Accurate interpretation of the design is something we’re fastidious about and we often create prototypes to make sure the designer or client is happy. Sometimes brand colours look different depending on the substrate, so we test this to ensure accuracy. In a recent customer survey, 92% of respondents said we met the requirements of their brief ‘extremely clearly’ or ‘very clearly’: getting the design right through prototyping is key to this.

6. Approval
A final PDF visual for client approval is always sent before the manufacturing process begins. These drawings contain dimensions, materials and sometimes an annotated image of the installation location. Once approved, the job will be issued, and the manufacturing begins in line with any timescales identified.

7. Manufacturing
We manufacture a large amount of our projects in-house, using our state-of-the-art printing EFI VUTEk LX3 Pro printer and computer numerical controlled routing machines, which are operated by highly trained staff. Some projects require outsourcing to specialists, and we have a wide network of trusted suppliers to cherry-pick from if that’s the case.

8. Installation
Ensuring every project is installed safely, securely and will stand the test of time is paramount. Install teams operate in multiple environments; on a construction site, at height, in public spaces or on waterfronts. A risk assessment is always carried out and a method statement provided for approval, which is read and signed by the installation team. 

On completion, we create a picture database as evidence of every installation, which ensures consistency across multiples sites or if identical signage is needed. We can arrange professional photography to share if required for the designer’s portfolio or marketing materials.  Removal and disposal of any temporary signage is also possible.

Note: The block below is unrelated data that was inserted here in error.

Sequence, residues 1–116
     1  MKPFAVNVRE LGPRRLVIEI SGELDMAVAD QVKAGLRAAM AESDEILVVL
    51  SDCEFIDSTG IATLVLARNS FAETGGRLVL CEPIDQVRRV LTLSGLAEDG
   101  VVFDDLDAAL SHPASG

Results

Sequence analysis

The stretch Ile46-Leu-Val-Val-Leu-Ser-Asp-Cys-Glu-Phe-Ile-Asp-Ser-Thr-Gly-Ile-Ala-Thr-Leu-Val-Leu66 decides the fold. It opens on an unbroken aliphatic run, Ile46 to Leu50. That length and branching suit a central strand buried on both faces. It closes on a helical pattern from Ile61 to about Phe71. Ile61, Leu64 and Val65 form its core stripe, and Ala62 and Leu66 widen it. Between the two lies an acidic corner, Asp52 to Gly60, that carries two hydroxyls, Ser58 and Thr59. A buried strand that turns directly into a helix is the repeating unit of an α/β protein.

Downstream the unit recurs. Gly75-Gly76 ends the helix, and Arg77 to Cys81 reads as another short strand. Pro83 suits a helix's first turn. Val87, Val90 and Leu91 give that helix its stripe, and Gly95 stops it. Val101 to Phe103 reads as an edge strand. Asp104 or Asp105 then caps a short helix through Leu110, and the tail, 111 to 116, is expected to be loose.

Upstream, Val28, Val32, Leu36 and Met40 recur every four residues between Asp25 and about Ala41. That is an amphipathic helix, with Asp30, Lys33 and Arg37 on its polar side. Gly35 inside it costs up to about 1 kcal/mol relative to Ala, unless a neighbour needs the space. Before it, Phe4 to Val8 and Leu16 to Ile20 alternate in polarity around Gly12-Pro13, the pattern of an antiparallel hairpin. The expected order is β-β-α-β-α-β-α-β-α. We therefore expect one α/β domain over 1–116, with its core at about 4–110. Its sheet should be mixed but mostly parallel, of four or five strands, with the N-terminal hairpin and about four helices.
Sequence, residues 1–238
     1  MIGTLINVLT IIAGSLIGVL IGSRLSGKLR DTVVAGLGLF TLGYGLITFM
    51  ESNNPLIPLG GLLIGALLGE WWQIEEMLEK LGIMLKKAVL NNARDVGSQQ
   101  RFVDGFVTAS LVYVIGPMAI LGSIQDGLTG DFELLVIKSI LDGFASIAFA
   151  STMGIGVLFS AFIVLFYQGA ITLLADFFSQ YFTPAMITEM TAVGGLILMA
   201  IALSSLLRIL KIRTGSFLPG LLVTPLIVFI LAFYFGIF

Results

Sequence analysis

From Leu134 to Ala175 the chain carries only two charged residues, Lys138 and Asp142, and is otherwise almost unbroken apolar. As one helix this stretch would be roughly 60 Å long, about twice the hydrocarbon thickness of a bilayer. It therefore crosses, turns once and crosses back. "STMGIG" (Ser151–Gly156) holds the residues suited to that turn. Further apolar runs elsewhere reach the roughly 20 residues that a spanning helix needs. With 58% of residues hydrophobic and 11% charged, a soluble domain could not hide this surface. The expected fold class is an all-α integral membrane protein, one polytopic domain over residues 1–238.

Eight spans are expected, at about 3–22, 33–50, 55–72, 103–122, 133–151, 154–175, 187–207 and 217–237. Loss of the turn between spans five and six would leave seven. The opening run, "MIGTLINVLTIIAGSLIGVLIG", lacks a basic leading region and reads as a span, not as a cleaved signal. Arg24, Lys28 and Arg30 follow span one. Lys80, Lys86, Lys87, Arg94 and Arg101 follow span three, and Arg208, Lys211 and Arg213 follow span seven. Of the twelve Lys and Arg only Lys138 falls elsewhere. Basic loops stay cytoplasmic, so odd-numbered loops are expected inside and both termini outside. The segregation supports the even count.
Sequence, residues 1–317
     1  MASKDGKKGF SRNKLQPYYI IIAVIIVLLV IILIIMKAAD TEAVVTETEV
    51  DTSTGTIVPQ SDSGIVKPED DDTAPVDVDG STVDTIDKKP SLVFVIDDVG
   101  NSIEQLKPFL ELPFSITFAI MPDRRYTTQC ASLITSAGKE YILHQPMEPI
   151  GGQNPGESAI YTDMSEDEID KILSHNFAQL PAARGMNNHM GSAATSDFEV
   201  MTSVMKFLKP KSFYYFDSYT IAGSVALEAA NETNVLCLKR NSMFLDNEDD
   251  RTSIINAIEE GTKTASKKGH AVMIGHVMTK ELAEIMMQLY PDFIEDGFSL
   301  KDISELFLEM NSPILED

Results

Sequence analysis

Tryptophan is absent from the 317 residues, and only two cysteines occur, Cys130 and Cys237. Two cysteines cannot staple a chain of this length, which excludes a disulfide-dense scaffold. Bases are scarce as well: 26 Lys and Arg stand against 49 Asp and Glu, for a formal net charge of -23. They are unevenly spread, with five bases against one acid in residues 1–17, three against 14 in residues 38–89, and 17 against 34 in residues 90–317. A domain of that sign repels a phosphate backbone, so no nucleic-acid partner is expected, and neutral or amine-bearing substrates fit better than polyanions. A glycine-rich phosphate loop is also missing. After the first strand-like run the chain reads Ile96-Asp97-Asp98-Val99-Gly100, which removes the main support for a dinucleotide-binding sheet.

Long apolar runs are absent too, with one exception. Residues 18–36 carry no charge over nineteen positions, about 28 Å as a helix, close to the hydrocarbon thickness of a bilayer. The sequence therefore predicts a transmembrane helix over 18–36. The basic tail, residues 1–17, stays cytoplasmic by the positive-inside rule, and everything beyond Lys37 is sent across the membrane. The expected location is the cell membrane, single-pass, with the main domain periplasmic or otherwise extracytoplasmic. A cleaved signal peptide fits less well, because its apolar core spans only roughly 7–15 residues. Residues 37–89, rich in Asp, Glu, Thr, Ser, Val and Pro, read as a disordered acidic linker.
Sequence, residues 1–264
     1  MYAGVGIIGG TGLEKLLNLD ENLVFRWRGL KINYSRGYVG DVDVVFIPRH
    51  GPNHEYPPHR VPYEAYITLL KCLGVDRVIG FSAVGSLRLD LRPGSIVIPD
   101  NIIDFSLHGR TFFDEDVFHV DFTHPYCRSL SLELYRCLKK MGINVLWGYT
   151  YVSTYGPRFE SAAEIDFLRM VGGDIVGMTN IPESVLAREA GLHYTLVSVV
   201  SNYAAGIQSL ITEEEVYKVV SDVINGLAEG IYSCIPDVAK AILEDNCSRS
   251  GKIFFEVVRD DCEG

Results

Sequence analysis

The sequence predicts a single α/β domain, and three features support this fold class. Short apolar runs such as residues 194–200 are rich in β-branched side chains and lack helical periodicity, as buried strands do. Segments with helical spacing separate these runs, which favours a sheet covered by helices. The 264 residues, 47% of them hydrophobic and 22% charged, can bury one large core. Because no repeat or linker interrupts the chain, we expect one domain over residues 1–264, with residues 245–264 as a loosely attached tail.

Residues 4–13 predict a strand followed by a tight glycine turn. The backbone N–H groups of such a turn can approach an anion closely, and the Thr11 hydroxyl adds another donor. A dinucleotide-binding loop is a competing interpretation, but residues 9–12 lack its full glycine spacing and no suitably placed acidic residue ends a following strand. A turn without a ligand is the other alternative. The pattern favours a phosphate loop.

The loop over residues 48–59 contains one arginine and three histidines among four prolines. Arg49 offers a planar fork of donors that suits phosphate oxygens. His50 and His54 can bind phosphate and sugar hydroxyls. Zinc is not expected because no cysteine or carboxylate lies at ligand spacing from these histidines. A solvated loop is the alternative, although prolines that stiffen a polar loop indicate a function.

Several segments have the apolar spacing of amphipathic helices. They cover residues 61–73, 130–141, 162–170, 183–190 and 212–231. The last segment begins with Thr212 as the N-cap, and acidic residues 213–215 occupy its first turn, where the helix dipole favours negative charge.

When we work with designers, our priority is helping them deliver the project smoothly for the end client. We can work as part of your team or as a stand-alone preferred supplier. If you have a signage or wayfinding project you’d like to talk to us about, please contact Joanna Goodchild at [email protected] or call 01252 336 000.

How to provide a great visitor experience with museum wayfinding

Wayfinding plays a crucial role in ensuring museum visitors get the most out of their entry fees. Excellent wayfinding signage encourages exploration, engages visitors in their surroundings, increases dwell time and improves accessibility. And wayfinding is one of those elements of a day out that’s hardly noticeable if it works well but is irritatingly obvious if it doesn’t. A positive experience boosts word-of-mouth recommendations, reviews and repeat visits, so it needs careful consideration. Here we share our advice on enhancing the visitor experience with signage.

There are two core wayfinding elements to consider. Firstly, functional needs like refreshments, toilets, cloakrooms and lifts. And secondly, the emotional side of ensuring each visitor gets the most out of their visit. Wayfinding is a great way to help people quickly understand what they can find on different floors and direct people to certain highlights or feature galleries.